•   At the end of the lecture, students should be able to:
•   Know about the hepatic portal system.
•   Know about the hepatic portal circulation.
•   Understand the anatomy of hepatic vein.
•   Know about the portacaval anastomosis.
•   Know the clinical correlation of hepatic portal system.

•   A portal venous system occurs when a capillary bed drains into another capillary
    bed through veins.
•   Both capillary beds and the blood vessels that connect them are considered part
    of the portal venous system.
•   Portal venous systems are considered venous because the blood vessels that join
    the two capillary beds are either veins or venules.
•   Examples of such systems include the hepatic portal system and the hypophyseal
    portal system.
•   “Portal venous system" often refers to the hepatic portal system.
•   For this reason, "portal vein" most commonly refers to the hepatic portal vein.
•   It is the system of veins comprised of the hepatic portal vein and its tributaries. It
    is also called the portal venous system.

•   Blood from the entire digestive area including the intestines, stomach, pancreas,
    and gall bladder passes through the liver for cleansing and storing of nutrients.

•   This function is often overlooked as critical to the overall circulatory system.
•   It is the circulation of blood through larger vessels from the capillaries of one
    organ to those of another; applied to the passage of blood from the gastrointestinal
    tract and spleen through the portal vein to the liver.

•   Circulation of blood to the liver from the small intestine via the portal vein, the
    pathway of blood flow from the GI tract and spleen to the liver via the portal vein
    and its tributaries.

•   Also called hepatic portal circulation.
               HEPATIC PORTAL VEIN
•   It is a vein in the abdominal cavity that drains blood from the gastrointestinal tract
    and spleen.
•   It is formed by the confluence of the superior mesenteric and splenic veins, and
    also receives blood from the inferior mesenteric, gastric, and cystic veins.
•   The hepatic portal vein is a major component of the hepatic portal system, one of
    the main portal venous systems in the body.
•   Conditions involving the hepatic portal vein cause considerable illness and death.
•   An important example of such a condition is elevated blood pressure in the
    hepatic portal vein, called portal hypertension.

               HEPATIC PORTAL VEIN
•   approximately 8 cm (3 in) in adults.

•   It is located in the right upper quadrant of the abdomen, originating behind the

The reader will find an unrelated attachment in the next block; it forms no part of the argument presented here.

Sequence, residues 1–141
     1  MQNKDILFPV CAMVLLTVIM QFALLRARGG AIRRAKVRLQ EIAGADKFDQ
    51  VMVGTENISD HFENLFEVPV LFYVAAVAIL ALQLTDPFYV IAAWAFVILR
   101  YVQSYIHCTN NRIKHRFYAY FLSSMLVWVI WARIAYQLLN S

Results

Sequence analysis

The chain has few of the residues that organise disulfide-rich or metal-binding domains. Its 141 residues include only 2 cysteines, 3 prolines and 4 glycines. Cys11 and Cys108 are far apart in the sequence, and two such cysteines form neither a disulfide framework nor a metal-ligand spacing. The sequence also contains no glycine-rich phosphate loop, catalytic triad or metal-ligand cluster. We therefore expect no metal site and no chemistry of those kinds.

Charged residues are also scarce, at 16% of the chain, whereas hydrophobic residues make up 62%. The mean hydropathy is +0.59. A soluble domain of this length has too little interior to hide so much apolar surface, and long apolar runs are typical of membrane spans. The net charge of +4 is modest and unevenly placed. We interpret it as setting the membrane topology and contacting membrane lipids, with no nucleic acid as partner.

neck of the pancreas.

•   It is formed by the union of the superior mesenteric vein and the splenic vein.

•   Occasionally, the hepatic portal vein also directly communicates with the inferior
    mesenteric vein, although this is highly variable.

•   Other tributaries of the hepatic
    portal vein include the cystic
    and gastric veins.
               HEPATIC PORTAL VEIN
•   It ramifies further, forming smaller venous branches and ultimately portal
•   Each portal venule courses alongside a hepatic arteriole and the two vessels form
    the vascular components of the portal triad.

•   These vessels ultimately empty into the hepatic sinusoids to supply blood to the
                      Portal venous system
•   It is responsible for directing blood from parts of the gastrointestinal tract to the
•   Substances absorbed in the small intestine travel first to the liver for processing
    before continuing to the heart.
•   Not all of the gastrointestinal tract is part of this system.
•   The system extends from about the lower portion of the esophagus to the upper
    part of the anal canal.
•   It also includes venous drainage from the spleen and pancreas.
•   Large veins that are considered part of the portal venous system are the:
•   Hepatic portal vein
•   Splenic vein
•   Roughly, the portal venous system corresponds to areas supplied by the celiac
    trunk, the superior mesenteric artery, and the inferior mesenteric artery.
•   The portal venous system has several anastomoses with the systemic venous
•   In cases of portal hypertension these anastamoses may become engorged, dilated,
    or varicosed and subsequently rupture.
                        Clinical correlation
                        Portal hypertension
•   Portal hypertension is a condition in which the
    blood pressure of the portal venous system is too
•   It is often the result of cirrhosis of the liver.
•   It is a major complication of liver disease.
•   When scarring and fibrosis from cirrhosis obstruct
    the portal vein in the liver, pressure rises in the
    portal vein and its tributaries, producing portal

•   Pylephlebitis is infection of the hepatic portal vein, usually arising from an
    infectious intraabdominal process such as diverticulosis.

•   A common method for reducing portal hypertension is to divert blood from the
    portal venous system to the systemic venous system by creating a communication
    between the portal vein and the IVC.
•   This portacaval anastomosis or portosystemic shunt may be done where these
    vessels lie close to each other posterior to the liver.
•   Another way of reducing portal pressure is to join the splenic vein to the left
    renal vein, after splenectomy (splenorenal anastomosis or shunt.

         THANK YOU

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